- Represents a first-in, first-out collection of objects.
- Represents a collection of key/value pairs that are sorted by the keys and are accessible by key and by index.
- Represents a simple last-in-first-out (LIFO) non-generic collection of objects.
- Implements IDictionary by using a ListDictionary while the collection is small, and then switching to a Hashtable when the collection gets large.
- Implements IDictionary using a singly linked list. Recommended for collections that typically contain 10 items or less.
- Represents a collection of associated String keys and String values that can be accessed either with the key or with the index.
- Represents a collection of key/value pairs that are accessible by the key or index.
- Represents a collection of strings.
- Implements a hash table with the key and the value strongly typed to be strings rather than objects.
- Represents a dynamic data collection that provides notifications when items get added, removed, or when the whole list is refreshed.
- Represents a read-only ObservableCollection(T).
- Dictionary(TKey, TValue)
- Represents a collection of keys and values.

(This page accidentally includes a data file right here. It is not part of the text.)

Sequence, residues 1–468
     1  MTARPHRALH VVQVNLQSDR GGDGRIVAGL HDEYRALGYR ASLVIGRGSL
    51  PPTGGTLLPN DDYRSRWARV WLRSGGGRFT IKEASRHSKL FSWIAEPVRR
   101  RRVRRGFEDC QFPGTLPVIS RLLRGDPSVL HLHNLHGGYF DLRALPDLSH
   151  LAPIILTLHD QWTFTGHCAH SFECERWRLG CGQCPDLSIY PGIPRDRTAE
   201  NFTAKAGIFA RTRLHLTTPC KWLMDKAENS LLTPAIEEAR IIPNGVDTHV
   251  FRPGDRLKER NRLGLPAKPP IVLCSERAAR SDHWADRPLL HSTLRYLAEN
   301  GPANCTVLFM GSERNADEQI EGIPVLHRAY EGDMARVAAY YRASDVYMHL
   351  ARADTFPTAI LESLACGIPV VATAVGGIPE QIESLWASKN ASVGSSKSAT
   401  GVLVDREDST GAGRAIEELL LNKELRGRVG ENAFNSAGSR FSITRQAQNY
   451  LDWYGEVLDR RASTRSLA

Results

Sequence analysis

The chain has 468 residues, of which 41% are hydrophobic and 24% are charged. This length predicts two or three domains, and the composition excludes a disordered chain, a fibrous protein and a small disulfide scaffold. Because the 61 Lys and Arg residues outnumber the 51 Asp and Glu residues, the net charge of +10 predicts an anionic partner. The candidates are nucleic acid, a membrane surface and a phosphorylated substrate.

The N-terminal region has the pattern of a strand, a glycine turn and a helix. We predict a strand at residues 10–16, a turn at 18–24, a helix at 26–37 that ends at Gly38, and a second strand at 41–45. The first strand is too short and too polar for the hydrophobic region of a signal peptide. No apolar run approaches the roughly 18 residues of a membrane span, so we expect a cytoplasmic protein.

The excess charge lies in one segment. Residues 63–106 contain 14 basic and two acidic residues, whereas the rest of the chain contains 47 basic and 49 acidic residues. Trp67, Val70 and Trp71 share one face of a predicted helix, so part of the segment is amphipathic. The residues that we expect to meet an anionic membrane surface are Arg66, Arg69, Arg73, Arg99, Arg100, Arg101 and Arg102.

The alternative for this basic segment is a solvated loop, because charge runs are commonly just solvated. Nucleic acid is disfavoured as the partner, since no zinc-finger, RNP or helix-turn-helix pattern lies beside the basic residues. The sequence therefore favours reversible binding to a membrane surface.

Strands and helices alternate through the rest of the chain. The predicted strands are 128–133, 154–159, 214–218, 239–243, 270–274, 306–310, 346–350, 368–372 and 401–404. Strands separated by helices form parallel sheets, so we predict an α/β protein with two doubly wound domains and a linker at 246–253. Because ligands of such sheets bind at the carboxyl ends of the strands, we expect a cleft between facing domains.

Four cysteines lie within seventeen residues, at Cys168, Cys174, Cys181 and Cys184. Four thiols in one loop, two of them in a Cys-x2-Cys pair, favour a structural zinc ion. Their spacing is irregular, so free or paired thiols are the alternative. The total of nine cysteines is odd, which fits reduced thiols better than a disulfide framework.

- Represents a set of values.
- Provides a collection whose items are types that serve as keys.
- Represents a doubly linked list.
- Represents a strongly typed list of objects that can be accessed by index. Provides methods to search, sort, and manipulate lists.
- Represents a first-in, first-out collection of objects.
- SortedDictionary(TKey, TValue)
- epresents a collection of key/value pairs that are sorted on the key.
- SortedList(TKey, TValue)
- Represents a collection of key/value pairs that are sorted by key based on the associated IComparer(T) implementation.
- Represents a variable size last-in-first-out (LIFO) collection of instances of the same arbitrary type.
- Provides a thread-safe collection that contains objects of a type specified by the generic parameter as elements
- SynchronizedKeyedCollection(K, T)
- Provides a thread-safe collection that contains objects of a type specified by a generic parameter and that are grouped by keys.
- Provides a thread-safe, read-only collection that contains objects of a type specified by the generic parameter as elements.
What should I choose and when?
I am no expert, but I would use on of the generic variants if possible, since I like strong types (type-safe) and I even more hate those pesky casts from
Object into a magical and sometimes unknown class. Infact I can't see no reason not to, since if it's bumped together in a collection I expect them to be related at least by an Interface.
In C++ I got away with something like 92% Vectors, 6% Maps and a minority of other collections from STL. In practical C# I'll probably do more or less the same, but for the Exam I'll probably have to learn the more odd ones, not that I mind using a Queue or Stack where it fits. My aversion for linked Lists has probably something to do with it being a little harder to iterate in C++ and this is most definitely much easier in the newer C#/.NET.